Oscar Wilde’s clever plays, charming children’s stories and parables, dictates on art and life, were recognized and highly rewarded quite early: his unfortunate fate and demise came about, perhaps, as a result of excessive hubris.
The second cultural myth about art is that “it is dangerous for the artist to know too much about themselves.” Once again, my observation and experience is just the reverse: I am aware of many figures in all realms of art today who have benefitted considerably through the assistance of a skillful psychotherapist.
This is also true of scientists, politicians, businessmen and women, physicians and others. Frequently the creative person is ambivalent and conflicted about many aspects of their own life (as are most sensitive people). Ambivalence and conflict use up considerable emotional energy.
Through clarification and resolution of these retarding factors, it is often possible to achieve much more in one’s chosen realm of activity, and to put creative talents to better use.
Leonardo da Vinci was the first great artist to be put under psychoanalytic scrutiny, several hundred years after his death! Freud was intrigued and wrote a “psychonovel” about da Vinci’s early experiences, attempting to demonstrate how his art and curiosity, many years later, were affected by certain very real infant and childhood experiences.
Freud also freed Gustav Mahler to create some of his greatest music, and Bruno Walter to continue a distinguished conducting career.
There are few outstanding writers, playwrights, poets, painters, sculptors, actors and dancers who have not benefitted from the psychotherapeutic processes in this century. In most cases, their work has become more sensitive, more creative and, sometimes more recognized as they became masters of themselves.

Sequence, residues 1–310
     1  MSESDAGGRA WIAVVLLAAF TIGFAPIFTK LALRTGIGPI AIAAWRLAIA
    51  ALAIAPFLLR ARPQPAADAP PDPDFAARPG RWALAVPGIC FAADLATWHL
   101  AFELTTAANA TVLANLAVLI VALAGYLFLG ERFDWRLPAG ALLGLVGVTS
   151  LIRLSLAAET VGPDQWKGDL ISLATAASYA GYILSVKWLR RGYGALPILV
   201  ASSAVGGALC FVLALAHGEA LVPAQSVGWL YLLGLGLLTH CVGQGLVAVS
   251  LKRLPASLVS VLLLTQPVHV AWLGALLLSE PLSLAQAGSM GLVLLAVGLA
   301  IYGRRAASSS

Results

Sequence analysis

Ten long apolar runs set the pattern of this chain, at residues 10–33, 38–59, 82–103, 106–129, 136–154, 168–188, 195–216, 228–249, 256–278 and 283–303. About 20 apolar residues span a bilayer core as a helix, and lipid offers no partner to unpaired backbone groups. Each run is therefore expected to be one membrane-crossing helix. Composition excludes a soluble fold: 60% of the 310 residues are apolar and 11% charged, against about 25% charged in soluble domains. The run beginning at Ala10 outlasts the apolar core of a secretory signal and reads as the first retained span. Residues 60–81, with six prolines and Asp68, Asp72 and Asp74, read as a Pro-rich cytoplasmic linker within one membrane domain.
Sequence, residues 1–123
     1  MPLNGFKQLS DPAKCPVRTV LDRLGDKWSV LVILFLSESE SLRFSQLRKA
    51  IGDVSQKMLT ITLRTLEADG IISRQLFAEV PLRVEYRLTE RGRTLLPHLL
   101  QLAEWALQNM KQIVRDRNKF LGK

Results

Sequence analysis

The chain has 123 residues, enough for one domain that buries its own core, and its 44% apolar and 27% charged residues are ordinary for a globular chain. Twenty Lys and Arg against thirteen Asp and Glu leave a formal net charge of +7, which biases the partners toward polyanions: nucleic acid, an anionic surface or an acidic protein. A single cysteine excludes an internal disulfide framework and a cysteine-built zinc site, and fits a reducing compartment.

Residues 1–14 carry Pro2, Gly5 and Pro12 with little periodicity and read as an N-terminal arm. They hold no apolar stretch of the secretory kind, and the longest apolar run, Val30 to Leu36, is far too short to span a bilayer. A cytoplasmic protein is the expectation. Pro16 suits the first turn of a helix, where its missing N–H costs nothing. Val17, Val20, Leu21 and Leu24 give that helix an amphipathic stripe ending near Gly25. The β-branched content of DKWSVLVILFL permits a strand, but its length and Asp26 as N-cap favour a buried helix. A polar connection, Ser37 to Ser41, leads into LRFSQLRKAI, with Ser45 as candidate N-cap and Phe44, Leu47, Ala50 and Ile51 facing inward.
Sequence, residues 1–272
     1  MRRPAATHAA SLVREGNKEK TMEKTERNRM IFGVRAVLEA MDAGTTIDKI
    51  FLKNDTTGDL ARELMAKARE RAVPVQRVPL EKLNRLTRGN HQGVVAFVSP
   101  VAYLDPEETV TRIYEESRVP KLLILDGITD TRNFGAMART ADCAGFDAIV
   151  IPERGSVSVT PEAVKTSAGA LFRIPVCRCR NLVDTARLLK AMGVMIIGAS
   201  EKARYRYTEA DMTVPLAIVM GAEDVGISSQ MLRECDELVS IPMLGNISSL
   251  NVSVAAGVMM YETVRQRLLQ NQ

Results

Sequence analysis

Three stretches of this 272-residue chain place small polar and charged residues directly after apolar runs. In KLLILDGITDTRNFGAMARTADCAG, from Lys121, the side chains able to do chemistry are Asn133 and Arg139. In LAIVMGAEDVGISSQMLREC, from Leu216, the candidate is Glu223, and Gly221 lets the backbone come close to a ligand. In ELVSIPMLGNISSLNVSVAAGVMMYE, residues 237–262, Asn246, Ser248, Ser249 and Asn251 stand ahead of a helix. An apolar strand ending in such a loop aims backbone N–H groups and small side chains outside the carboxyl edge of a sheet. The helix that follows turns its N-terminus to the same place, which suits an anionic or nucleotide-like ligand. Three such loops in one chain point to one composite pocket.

One thing the proper treatment can do is release more of that wonderful spontaneous awesome creativity of the child, which lurks in all of us, but too frequently is covered-over by the so-called rational demands our society imposes upon us. Strict attention to such demands may be necessary for the accountant, plodding businessman without entrepreneurial skills or ambitions, the production-line engineer.
However, the creative person, in art, science, business, religion, education and in life, can use all the spontaneity and creativity they can summon, particularly as they become free to focus and to channel it in skillful pursuit and fulfillment of their creative aims.
It behooves me not to mention any names of living artists around the world who have benefitted from proper psychological attention. There remains much doubt, fear and overt hostility toward the process.
Mention art and psychoanalysis and someone is likely to remind you of its real or imagined dangers: “Yes, but what about George Gershwin, in analysis for years, and he died too young, of a brain tumor!”Yes, but what about George Gershwin, in analysis for years, and he died too young, of a brain tumor!